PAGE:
CAMBRIDGE – The fact that the world did not experience a systemic financial crisis in 2022 is a minor miracle, given the surge in inflation and interest rates, not to mention a massive increase in geopolitical risk. But with public and private debt having risen to record levels during the now-bygone era of ultra-low interest rates, and recession risks high, the global financial system faces a huge stress test. A crisis in an advanced economy – for example, Japan or Italy – would be difficult to contain.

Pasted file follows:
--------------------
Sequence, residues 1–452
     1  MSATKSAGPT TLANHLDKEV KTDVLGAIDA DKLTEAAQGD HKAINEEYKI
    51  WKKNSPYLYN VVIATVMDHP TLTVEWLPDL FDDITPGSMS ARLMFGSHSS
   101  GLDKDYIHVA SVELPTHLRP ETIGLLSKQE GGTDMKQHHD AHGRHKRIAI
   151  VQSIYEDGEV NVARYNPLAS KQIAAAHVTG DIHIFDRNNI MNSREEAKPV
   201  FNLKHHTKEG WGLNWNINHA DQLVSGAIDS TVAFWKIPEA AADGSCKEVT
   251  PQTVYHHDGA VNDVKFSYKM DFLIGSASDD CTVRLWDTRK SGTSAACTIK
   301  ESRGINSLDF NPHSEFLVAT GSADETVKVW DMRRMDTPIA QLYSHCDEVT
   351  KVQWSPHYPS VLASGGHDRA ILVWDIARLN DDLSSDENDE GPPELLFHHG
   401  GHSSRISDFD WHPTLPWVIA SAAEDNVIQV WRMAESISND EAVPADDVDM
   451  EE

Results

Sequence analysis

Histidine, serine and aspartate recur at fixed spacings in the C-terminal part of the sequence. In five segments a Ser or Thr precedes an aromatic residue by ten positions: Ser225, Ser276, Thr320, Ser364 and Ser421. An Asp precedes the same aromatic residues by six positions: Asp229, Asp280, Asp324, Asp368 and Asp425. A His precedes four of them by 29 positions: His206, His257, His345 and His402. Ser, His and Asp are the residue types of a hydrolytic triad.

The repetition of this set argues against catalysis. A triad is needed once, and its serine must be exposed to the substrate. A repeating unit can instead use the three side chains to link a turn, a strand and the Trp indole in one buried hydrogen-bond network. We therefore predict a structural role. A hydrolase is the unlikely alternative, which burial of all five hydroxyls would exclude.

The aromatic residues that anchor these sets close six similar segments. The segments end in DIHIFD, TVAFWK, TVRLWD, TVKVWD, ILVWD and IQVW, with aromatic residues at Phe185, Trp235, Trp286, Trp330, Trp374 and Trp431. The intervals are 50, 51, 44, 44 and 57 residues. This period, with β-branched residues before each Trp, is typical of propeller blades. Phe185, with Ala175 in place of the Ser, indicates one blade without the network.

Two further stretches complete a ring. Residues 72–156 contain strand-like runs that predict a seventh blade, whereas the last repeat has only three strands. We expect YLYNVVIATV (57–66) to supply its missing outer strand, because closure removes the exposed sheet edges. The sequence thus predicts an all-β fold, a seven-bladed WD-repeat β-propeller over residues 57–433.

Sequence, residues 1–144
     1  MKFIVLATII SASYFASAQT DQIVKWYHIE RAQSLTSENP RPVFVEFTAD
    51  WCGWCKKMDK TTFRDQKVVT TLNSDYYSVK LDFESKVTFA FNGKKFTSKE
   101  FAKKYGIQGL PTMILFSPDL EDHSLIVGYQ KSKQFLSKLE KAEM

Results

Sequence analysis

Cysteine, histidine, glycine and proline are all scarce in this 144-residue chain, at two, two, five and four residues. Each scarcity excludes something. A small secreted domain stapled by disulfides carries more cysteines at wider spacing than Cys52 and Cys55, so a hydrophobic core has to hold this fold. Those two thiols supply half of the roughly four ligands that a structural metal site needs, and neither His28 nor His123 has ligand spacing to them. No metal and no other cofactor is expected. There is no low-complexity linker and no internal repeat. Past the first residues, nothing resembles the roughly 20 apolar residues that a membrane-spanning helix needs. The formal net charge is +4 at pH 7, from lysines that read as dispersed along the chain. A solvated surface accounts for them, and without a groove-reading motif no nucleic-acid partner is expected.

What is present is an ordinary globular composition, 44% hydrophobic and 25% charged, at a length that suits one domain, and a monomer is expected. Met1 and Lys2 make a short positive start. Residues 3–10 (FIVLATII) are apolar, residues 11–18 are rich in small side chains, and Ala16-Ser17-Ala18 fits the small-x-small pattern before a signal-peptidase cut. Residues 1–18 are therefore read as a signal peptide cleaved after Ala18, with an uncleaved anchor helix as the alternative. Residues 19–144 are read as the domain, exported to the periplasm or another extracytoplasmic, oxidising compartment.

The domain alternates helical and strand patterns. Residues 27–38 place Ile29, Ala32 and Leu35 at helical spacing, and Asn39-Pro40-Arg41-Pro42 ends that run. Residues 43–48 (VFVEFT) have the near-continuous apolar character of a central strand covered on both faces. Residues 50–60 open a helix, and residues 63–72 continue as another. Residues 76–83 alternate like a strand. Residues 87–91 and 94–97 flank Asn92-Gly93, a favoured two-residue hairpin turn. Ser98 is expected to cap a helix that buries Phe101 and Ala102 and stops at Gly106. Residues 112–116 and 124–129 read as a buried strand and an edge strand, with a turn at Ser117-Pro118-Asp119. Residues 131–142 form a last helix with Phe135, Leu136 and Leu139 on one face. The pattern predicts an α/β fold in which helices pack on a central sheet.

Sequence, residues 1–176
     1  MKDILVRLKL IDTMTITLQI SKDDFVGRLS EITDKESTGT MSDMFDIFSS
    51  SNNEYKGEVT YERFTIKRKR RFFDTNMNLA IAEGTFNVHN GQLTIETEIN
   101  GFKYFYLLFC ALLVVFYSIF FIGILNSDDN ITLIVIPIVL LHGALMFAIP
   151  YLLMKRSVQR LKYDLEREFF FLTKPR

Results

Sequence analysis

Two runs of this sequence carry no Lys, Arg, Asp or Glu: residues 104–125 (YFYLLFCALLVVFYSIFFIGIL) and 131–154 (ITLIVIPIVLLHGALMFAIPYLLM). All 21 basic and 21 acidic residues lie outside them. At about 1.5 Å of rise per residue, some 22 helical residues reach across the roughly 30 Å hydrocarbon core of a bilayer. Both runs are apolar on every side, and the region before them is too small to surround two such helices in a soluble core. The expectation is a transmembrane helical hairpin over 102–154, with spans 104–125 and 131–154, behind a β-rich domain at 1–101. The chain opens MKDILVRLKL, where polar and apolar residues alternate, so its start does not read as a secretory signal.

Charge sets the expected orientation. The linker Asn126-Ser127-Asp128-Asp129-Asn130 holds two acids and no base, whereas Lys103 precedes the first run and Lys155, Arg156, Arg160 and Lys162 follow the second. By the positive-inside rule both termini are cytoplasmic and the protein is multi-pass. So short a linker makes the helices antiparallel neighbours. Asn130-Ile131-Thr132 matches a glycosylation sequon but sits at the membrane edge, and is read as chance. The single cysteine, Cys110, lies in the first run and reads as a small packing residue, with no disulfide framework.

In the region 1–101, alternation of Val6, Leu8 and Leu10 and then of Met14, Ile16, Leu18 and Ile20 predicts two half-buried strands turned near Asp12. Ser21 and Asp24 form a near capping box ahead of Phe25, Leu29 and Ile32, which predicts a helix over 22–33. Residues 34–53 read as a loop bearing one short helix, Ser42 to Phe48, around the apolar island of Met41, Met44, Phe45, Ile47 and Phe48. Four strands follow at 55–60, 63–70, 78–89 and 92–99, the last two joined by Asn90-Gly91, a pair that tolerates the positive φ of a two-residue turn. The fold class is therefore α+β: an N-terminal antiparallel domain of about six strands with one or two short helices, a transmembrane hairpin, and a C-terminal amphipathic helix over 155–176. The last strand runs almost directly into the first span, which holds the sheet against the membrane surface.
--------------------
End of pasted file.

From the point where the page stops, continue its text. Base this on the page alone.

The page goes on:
True, tighter regulation has reduced risks to the core banking sectors, but that has only led to risks shifting elsewhere in the financial system. Rising interest rates, for example, have put huge pressure on private-equity firms that borrowed heavily to buy up property. Now, with housing and commercial real estate on the cusp of a sharp, sustained drop, some of those firms will most likely go bust.